The Honor Walk
Medical staff lined the hallway from Room 234 to the elevators which led to the operating room (OR) elevator. The patient was brain dead, but she was going to save three lives.
The anesthesiologist and OR nurses served as temporary pallbearers as they pushed her bed, her family following behind, wiping away tears as they prepared to say their final goodbyes. A group in blue scrubs followed behind like ghosts.
We were the team that would help her save three lives. We were there to procure her organs.
My surgical mask hung like a necklace around my neck. I wanted nothing more than to put it on so no one would see my lip quiver; to cover my clenching jaw as I held back an onslaught of unexpected emotions.
Eyes down, I blinked away tears that threatened to fall.
One life was ending. Three were being saved. Countless were touched by the procession.
Some deep emotion seemed to move through each witness as we recognize the juxtaposition — the balance of life and death; the charity of an act; the mourning of a family.
Arriving in the OR, I removed the flowers that her family had placed in her hair. Her body is prepped and draped. Before the technicians began, we took a moment to acknowledge this generous act that will benefit the lives of people she had never — and would never — meet.
A first incision from sternum to pubis was made. I watched in rapture from behind the sterile drape.
Anatomy of the human body is amazing. Two lungs expand and collapse as the heart rhythmically pumps — *lub-dub, lub-dub* — in between. The diaphragm separates these life-giving actions from the digestive system. The liver, tucked up under left rib cage. Bowel dominates the rest of the view but, underneath, there’s a stomach, spleen, pancreas, kidneys. All of these organs joined together by a series of inbound and outbound vessels that bring nutrients and oxygen and take away waste. As I watched them — identifying the organs to procure, marking important vasculature with silk ties — I was invited to join in on the work.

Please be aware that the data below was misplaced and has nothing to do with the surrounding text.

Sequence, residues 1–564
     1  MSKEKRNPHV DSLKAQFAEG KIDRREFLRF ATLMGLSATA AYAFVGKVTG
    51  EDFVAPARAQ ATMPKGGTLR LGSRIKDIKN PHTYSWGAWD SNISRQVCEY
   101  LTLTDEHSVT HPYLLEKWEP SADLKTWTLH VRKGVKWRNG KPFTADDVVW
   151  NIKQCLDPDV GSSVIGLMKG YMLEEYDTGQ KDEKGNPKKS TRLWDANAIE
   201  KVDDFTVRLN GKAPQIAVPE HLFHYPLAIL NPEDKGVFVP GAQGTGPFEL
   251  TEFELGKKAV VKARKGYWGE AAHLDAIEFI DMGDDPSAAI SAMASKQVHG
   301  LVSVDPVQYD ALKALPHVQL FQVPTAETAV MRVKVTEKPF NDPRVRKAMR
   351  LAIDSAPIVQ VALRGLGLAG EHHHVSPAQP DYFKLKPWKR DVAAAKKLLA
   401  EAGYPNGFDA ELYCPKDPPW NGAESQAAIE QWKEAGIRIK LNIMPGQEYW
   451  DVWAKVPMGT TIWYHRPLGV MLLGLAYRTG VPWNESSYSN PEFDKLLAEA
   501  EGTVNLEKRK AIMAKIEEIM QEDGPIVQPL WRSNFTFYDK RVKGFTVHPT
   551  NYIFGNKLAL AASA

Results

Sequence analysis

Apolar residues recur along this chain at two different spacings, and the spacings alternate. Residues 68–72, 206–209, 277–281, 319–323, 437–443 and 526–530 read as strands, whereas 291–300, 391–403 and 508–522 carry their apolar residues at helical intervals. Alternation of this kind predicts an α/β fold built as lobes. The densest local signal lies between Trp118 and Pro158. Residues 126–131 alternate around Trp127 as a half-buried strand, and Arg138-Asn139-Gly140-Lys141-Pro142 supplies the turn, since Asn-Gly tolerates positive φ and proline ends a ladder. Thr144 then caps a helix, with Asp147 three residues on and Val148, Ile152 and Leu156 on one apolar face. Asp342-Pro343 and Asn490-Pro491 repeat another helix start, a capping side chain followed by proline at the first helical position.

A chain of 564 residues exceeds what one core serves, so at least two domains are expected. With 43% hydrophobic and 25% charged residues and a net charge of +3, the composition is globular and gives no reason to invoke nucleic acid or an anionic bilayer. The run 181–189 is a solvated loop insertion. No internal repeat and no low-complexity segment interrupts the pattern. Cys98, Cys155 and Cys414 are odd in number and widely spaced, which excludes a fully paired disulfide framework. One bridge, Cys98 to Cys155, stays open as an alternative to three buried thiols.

“Scrub in, young doctor, we’ll put you to work.”
“Hold the liver back for us. Good, just like that… See that, there’s her left adrenal gland. The kidney is just south of it. Here’s the vena cava and the aorta. Feel along the bifurcation. That first bump you feel is the ureter. We don’t want damage it. When you hold the vessels with the pickups, always grab the adventitia, not the lumen… you’ll damage it. This fascia around the kidney that holds it in place when you jump is called Gerota’s Fascia. One of the most important things we do is keep the organs cold. More ice please. Switch places with me. Hand me a 3-0 silk tie. Now tie 3 knots for me. Good…”
Six weeks of surgery and my medical school anatomy class came together in one moment. It was amazing.
With the donor organs ready and out on ice, we did a last check of the remaining viscera for neoplasms. We opened the heart to check for vegetations on the valves that could host an infection. None were found, so the donated organs were good to go to their recipients. Now we close.
I started at the sternum, stumbling through the first few sutures. I was frustrated that they didn’t look good. I knew that only the funeral home technicians would see them, but I wanted to do my best. I wanted those sutures to look as good as possible. For her.
After the sutures were tied off, we removed the sterile drapes and I saw her face. Pale. Lifeless. Her eyes were barely open. In the mist of the procedure I had forgotten that, during this process, we had allowed her body to fade, joining what we had declared the brain to be — dead.
I felt its presence. The weight of it seemed to hit my forebrain. Her body was here, but her consciousness was no longer amongst us.
I offered to extubate her, deflating the balloon that held the breathing tube at the ideal place in the trachea, then gently pulling it out. Normally, this would elicit a cough from the sensitive mucosa lining the back of the throat. The dead don’t cough. The nurse began to move the sheets back to reveal the body-bag that was beneath her all along. During the procedure I had forgotten the end of this operation meant the end of her life — the OR table had not.
Placing a toe tag, we zipped her up into a white cocoon. Finding myself at the head of the bed, everyone looked to me to initiate a count to move her onto a metal bed. Then we placed a black drape over her. She was ready for the morgue to prepare her for her final appearance on earth: her funeral.
The string of events that led to her demise no longer mattered. Her past accomplishments were a distant consideration.
In that moment — in death — she was a hero that saved 3 three lives.
Osteopathic Medical Student - 3rd Year (OMS III)
Pacific Northwest University of Health Sciences